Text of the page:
Julian A. '20:
For the past two years I have been part of the Key Society, a group of juniors and seniors that gives tours to prospective students and their families. As part of my key society profile, I had to describe Berkeley Carroll in one word. I chose "transformative." When I first got to BC, I hadn't yet discovered a true passion for any particular subject. But now, as I begin my senior year of high school, I really have.
When I stepped into my 9th grade English class, Myths and Legends, Mr. Sanchez's energy was infectious. Whenever we'd come across an extraordinary passage or sentence in Toni Morrison's Sula, for example, Mr. Sanchez would call our encounter "riding the wave." He'd circle the classroom with a cardboard surfboard as we read the sentence aloud and appreciated the rich language and imagery. I thought back to Mr. Sanchez's surfboard when reading Willa Cather's "My Antonia" in 11th grade and was struck by a sentence about pumpkins: "I was something that lay under the sun and felt it, like the pumpkins, and I did not want to be anything more." I was amazed by how this simple yet idiosyncratic sentence could resonate for me so strongly. I love language because of moments like these--images that are surprising or unusual and can speak to you beyond reason.
In Will's World, my 10th grade Shakespeare class, Dr. Hughes would often quote from A Midsummer Night's Dream: "It must be your imagination then, and not theirs." In that class, we'd perform absurd comedic scenes from "Twelfth Night," delivering soliloquies while standing in garbage cans. It might sound silly, but beneath these antics, my teachers were conveying an essential lesson: studying literature is an act of discovery.
In the fall of 10th grade, in the midst of Will's World and my growing interest in English, I met with Ms. Moore and asked her how I might extend and deepen my engagement with literature. She came up with a way to let me start taking 12th grade English classes in the spring semester of 10th grade, even though no one had done it before. I took Satan in Literature, in which we read and analyzed works from Milton's "Paradise Lost" and Dante's "Inferno," to the Rolling Stones' "Sympathy for the Devil."
Berkeley Carroll has been flexible, always supporting me in pursuing my very particular interests. My papers have ranged from "We Three: The Dangers of Close Reading in Twelfth Night," a seven page analysis of the significance of a single painting referenced in "Twelfth Night," to "Disremembered and Unaccounted for: Reconstruction in 'Beloved,'" in which I put a Nina Simone song in conversation with the Toni Morisson novel.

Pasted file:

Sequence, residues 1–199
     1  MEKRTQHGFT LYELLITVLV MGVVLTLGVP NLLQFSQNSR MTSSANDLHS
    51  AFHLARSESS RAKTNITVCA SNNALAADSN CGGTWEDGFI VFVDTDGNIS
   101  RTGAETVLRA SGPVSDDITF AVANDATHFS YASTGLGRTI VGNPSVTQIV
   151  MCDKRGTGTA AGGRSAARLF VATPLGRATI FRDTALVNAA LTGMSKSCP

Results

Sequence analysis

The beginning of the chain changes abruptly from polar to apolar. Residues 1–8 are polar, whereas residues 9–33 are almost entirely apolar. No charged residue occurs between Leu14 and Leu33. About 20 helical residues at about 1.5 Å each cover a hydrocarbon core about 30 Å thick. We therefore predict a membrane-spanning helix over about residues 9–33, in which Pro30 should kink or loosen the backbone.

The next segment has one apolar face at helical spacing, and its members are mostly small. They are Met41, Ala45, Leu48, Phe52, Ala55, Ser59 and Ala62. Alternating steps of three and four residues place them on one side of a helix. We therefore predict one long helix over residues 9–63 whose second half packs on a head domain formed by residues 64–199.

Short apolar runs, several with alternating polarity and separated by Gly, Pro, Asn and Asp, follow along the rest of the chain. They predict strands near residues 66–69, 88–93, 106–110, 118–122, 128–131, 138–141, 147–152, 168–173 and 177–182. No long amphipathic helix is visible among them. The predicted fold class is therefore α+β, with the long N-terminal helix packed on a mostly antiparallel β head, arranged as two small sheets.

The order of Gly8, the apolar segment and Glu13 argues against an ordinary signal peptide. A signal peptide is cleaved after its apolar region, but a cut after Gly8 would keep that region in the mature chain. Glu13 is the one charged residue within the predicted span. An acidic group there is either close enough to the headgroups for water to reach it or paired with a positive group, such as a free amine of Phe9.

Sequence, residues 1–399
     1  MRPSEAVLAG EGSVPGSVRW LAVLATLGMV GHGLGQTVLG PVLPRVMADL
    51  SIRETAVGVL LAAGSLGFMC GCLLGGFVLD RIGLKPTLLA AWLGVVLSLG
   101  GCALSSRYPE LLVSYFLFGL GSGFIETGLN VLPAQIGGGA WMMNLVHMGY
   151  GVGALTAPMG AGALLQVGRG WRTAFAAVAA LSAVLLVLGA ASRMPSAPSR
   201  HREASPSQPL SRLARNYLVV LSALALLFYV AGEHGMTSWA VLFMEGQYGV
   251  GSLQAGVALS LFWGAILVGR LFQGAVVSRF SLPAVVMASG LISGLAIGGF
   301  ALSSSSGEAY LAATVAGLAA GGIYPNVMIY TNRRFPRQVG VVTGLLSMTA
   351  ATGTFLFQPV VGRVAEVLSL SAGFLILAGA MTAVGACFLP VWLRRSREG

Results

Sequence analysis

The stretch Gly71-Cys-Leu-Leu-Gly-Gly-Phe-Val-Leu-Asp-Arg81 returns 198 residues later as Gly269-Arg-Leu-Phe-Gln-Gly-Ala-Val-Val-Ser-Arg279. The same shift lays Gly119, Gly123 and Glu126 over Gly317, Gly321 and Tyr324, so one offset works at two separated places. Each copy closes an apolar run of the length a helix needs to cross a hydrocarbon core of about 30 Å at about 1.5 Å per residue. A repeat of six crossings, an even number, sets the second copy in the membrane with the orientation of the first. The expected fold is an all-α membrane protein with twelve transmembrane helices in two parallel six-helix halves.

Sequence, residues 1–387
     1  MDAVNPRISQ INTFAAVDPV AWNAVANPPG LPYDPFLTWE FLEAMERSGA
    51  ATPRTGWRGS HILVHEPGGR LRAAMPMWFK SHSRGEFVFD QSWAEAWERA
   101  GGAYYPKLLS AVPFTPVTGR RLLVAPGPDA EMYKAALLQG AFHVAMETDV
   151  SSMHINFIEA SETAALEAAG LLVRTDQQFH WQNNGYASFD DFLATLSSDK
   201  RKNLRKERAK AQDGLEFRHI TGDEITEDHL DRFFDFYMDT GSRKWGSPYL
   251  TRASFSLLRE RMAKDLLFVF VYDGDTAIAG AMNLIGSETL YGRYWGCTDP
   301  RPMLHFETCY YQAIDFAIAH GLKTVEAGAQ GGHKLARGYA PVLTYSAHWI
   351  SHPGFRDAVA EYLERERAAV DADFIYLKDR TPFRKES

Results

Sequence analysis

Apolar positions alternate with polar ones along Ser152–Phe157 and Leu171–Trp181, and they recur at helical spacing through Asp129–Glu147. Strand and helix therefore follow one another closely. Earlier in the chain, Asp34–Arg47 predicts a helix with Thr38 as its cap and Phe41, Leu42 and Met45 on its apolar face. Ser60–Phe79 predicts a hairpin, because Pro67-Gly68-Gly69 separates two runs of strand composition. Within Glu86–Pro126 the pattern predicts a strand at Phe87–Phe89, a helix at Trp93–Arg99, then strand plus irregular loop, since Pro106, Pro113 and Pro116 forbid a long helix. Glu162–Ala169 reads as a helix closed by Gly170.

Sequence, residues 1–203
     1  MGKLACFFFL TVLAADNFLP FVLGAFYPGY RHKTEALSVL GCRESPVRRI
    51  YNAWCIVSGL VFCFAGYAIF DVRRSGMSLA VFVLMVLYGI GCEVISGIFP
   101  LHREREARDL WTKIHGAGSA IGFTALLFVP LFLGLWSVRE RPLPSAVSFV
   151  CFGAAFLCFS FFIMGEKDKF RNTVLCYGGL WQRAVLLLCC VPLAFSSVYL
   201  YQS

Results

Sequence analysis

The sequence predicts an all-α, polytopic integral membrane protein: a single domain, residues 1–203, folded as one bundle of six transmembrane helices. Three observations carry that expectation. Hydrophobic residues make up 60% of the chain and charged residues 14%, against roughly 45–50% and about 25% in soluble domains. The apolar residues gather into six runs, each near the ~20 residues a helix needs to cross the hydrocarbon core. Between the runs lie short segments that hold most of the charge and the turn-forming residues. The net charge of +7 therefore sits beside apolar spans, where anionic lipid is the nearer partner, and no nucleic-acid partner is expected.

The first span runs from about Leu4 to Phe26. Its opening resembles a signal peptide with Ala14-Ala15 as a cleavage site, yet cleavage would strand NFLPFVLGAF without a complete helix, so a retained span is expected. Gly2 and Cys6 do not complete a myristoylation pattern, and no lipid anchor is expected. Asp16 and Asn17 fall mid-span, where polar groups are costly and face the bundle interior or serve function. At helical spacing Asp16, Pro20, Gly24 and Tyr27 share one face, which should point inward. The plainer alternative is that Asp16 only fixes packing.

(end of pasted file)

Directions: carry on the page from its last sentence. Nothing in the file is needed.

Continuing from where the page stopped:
As I began taking additional English courses in 10th grade, Dr. Hughes (who's here tonight) became an influential and inspiring mentor. I have taken all of the classes he teaches: Will's World, Satan in Literature, Coming of Age in the Novel, Shakespeare's Frenemies, and now we are working on an independent study together--writing a scholarly article on "Great Expectations" with the hopes of submitting it to a graduate-level Dickens journal. We are currently immersed in scholarly articles applying Freud's theories to the study of plot. This project has been in the works for a couple of years, and it's exciting to think about contributing to a larger scholarly discussion in my last year of high school. Thank you Dr. Hughes for being so generous, and for igniting what will be a life-long passion for reading.
It is often said that a great teacher can change lives. And Dr. Hughes, you've changed mine. Berkeley Carroll has also allowed me to explore new environments to further develop my writing skills. For example, I attended young writers conferences at Kenyon College and the Bread Loaf School of English at Middlebury College where I met other high school writers and established authors. These programs have inspired me to continue writing and reading. Since 9th grade, I have been a part of the Blotter, the school newspaper, and this year I'm the Editor-in-Chief. I have loved covering school events and working to help give students a voice in Berkeley Carroll. One memorable moment was doing a photo-essay on the school walkout for gun reform on the 20th anniversary of Columbine.
After the walkout, I wrote a political poem about school shootings which is being published by Hanging Loose Magazine this fall. My work on the Blotter more generally inspired me over the summer to write an op-ed. I wrote about the dangers of the internet for children--specifically about a traumatizing experience from when I was nine. I submitted the op-ed to the NY Daily News and the piece ran in August. Writing -- for classes, for The Blotter, for outside publications -- is more than a hobby or an interest: it has allowed me to channel my emotions and make meaning out of them.
Though I have focused on literature and writing in my time at Berkeley Carroll, I also have appreciated how I'm able to specialize without giving up the broad realm of experience that I find meaningful. I have run cross-country and track, played basketball, and also taken engaging classes in math and science.
I'm now applying to college, and look forward to majoring in English. Because of the strong foundation the extraordinary faculty and curriculum at Berkeley Carroll has given me, I feel prepared and excited for the future.
I don't know whether I want to be a poet, professor, journalist, or some combination of the three, but I will always be grateful to Berkeley Carroll for helping me to discover who I am.